Developmental milestones are behaviors or physical skills seen in infants and children as they grow and develop. Rolling over, crawling, walking, and talking are all considered milestones. The milestones are different for each age range.
The Shield Institute's Article 16 Clinic provides diagnostic, evaluation and clinical services for children and adults with autism spectrum disorder (ASD) and intellectual/developmental disabilities. Psychological, social work, speech, occupational and physical therapy, rehabilitative counseling and nutritional counseling are provided individually and/or in group settings. Specialty services include augmentative communication evaluation and treatment, eating and swallowing evaluation and treatment and psycho-sexual assessment and treatment. All services are provided by our licensed and experienced staff.
Youth Assertive Community Treatment (ACT) is a program designed to address the significant needs of children ages 10 up to 21, who are at risk of entering, or returning home from high intensity services, such as inpatient settings or residential services, through the use of a multi-disciplinary team. Children with significant psychiatric needs, who are at risk of institutional level of care, require intensive interventions in order to adequately support the child and family’s complex needs, to avoid high end services or facilitate and support a successful transition back to community. Youth ACT serves as a critical component in the children’s continuum of care.
The Centers for Disease Control and Prevention (CDC) website provides a plethora of credible information on all aspects of protecting and improving quality health and wellness initiatives.
This guidebook helps parents understand the process that guides their child's transition from infant and toddler intervention services to other early childhood services at age three and includes strategies to use for a successful transition.
The New York State Early Intervention Program (EIP) is part of the nationwide EIP. It is for infants and toddlers under three years of age who may not be making progress like other children because of a developmental delay or disability. A disability means that a child has a diagnosed physical or mental condition that may lead to developmental problems. These include, but are not limited to, autism, Down syndrome, motor disorders, or vision and hearing problems. A developmental delay means a child is behind in some area of development, such as growth, learning and thinking, or communicating.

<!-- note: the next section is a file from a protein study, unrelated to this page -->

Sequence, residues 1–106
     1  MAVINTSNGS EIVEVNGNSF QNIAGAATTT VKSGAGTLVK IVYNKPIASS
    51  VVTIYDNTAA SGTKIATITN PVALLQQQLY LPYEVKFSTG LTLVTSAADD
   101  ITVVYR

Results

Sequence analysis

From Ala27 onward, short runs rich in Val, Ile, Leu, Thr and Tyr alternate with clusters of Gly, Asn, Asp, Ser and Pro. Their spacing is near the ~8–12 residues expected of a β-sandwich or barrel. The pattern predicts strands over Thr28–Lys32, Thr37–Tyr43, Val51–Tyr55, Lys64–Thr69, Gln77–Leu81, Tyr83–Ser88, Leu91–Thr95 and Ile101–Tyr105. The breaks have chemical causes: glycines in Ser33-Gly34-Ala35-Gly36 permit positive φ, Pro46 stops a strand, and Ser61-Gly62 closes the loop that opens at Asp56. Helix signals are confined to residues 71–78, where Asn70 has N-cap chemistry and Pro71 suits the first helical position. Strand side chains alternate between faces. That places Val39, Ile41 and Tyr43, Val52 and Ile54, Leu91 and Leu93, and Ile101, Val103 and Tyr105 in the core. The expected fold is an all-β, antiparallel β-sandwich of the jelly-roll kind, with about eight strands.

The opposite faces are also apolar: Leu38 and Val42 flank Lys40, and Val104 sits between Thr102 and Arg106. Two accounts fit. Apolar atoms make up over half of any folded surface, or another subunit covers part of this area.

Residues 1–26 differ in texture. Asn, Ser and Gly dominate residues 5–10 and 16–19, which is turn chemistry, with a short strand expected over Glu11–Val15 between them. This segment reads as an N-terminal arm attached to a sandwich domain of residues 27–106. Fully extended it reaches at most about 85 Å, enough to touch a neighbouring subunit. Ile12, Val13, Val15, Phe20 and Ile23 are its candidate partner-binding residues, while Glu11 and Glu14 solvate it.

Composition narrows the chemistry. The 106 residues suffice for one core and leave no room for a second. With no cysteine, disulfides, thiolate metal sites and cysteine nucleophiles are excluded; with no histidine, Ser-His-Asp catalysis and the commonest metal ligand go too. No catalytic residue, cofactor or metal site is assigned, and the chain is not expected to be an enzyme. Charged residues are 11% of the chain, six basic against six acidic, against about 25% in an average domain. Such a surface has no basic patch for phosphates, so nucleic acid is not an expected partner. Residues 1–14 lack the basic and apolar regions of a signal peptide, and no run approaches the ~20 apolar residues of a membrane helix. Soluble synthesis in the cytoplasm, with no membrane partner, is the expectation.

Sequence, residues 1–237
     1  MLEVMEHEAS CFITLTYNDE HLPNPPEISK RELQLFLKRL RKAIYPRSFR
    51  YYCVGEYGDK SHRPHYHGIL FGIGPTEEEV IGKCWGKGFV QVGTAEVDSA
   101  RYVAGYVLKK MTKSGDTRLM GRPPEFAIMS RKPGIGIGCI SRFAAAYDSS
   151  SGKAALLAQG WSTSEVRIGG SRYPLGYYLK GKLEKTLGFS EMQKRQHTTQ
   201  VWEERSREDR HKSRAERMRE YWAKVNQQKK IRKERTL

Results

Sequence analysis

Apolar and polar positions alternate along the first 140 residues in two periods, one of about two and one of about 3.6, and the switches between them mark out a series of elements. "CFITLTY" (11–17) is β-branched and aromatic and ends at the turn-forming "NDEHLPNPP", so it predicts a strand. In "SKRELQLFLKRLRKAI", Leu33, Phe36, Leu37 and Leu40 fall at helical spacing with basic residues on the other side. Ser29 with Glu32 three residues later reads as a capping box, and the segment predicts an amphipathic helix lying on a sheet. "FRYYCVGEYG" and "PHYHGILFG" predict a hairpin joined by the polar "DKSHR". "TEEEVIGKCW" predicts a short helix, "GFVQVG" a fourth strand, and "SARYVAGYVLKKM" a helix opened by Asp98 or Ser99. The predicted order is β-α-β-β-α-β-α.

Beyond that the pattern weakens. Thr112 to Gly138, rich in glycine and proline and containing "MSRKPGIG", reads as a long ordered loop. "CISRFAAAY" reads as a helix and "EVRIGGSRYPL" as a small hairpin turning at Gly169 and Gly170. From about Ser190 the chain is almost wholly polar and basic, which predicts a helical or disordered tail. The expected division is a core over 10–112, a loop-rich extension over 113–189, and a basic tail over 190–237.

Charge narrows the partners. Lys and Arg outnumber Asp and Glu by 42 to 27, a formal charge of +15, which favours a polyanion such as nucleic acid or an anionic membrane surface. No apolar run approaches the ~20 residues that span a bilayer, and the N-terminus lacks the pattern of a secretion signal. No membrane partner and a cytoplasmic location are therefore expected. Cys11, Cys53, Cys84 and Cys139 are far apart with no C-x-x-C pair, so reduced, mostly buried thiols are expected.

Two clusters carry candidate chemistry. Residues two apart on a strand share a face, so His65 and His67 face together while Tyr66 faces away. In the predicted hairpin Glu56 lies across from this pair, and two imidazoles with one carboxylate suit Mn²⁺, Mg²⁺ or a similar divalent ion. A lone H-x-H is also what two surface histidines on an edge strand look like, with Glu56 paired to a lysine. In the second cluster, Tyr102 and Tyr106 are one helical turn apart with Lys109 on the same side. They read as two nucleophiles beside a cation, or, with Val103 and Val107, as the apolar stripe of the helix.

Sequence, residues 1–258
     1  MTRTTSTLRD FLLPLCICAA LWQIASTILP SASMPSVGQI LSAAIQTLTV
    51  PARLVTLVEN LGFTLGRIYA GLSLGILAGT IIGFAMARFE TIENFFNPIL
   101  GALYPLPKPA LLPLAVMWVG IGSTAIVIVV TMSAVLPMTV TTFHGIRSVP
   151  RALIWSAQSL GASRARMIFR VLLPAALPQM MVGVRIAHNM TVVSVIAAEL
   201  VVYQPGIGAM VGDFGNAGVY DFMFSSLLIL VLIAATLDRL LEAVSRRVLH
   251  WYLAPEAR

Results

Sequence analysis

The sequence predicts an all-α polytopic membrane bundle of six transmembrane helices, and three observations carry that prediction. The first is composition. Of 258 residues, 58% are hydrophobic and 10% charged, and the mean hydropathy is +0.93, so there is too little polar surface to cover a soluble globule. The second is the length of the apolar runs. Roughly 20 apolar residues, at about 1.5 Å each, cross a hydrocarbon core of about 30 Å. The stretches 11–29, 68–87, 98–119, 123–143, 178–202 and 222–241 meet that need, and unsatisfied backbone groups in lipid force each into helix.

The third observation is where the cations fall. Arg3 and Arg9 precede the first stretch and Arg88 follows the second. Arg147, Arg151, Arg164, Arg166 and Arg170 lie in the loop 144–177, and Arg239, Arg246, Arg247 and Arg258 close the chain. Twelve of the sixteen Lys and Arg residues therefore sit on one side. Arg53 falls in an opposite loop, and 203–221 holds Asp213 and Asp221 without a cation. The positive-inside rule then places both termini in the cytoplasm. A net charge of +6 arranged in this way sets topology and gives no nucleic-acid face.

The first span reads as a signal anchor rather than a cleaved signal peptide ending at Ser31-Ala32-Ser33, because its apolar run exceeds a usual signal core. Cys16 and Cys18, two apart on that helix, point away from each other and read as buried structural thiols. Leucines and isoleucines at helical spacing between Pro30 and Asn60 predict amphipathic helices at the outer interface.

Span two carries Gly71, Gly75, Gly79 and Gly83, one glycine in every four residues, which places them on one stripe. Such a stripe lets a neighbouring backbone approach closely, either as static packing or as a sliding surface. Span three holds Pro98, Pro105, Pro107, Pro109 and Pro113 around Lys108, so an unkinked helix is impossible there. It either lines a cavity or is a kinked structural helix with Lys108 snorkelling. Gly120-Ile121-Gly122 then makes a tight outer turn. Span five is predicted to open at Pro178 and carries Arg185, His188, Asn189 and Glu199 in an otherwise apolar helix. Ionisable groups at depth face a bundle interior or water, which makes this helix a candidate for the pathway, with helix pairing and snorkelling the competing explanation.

The ﬁrst step is your child's referral to the EIP in the county where you live. All counties in New York State (NYS) and New York City have an EIP. Children who may need services must ﬁrst be referred to the EIP. Parents can refer their own child to the EIP if they have a concern about their child's development. In NYS, certain professionals are required to refer children to the EIP if a developmental problem is suspected. After referral, your child will be evaluated by qualiﬁed professionals. Your county EIP or the New York City EIP will help you get services if your child is found to be eligible. Health insurance, including private insurance and Medicaid, may be used to pay for early intervention services. EIP services must be provided at no cost to you and will not affect your insurance coverage.
View Early Intervention Programs using our MSNavigator Mapping Tool.
The NYS Parent Guide is the story of the first five years of a parents journey. This resource is for mothers, fathers (through birth, adoption, or foster care), grandparents, partners, family friends, aunts and uncles with parenting responsibilities.
This website includes information on the stages of growth and development, parenting tips, information on nurturing your family, e-journals and many links to other resources.
Use the NYS Parent Portal to find caregiving tips and resources to enhance your role as a parent. The portal contains links to following websites:
Although the One Tough Job.org .org website is a Massachusetts resources, it is an excellent resource that aims to support parents by providing them with current, reliable, and practical information on a variety of parenting topics related to raising children from infancy through adolescence. It provides a general overview of topics, drawing from a variety of reputable and reliable sources.
Ups not Downs shows how one family in the UK deals with day-to-day life with a child with Down Syndrome.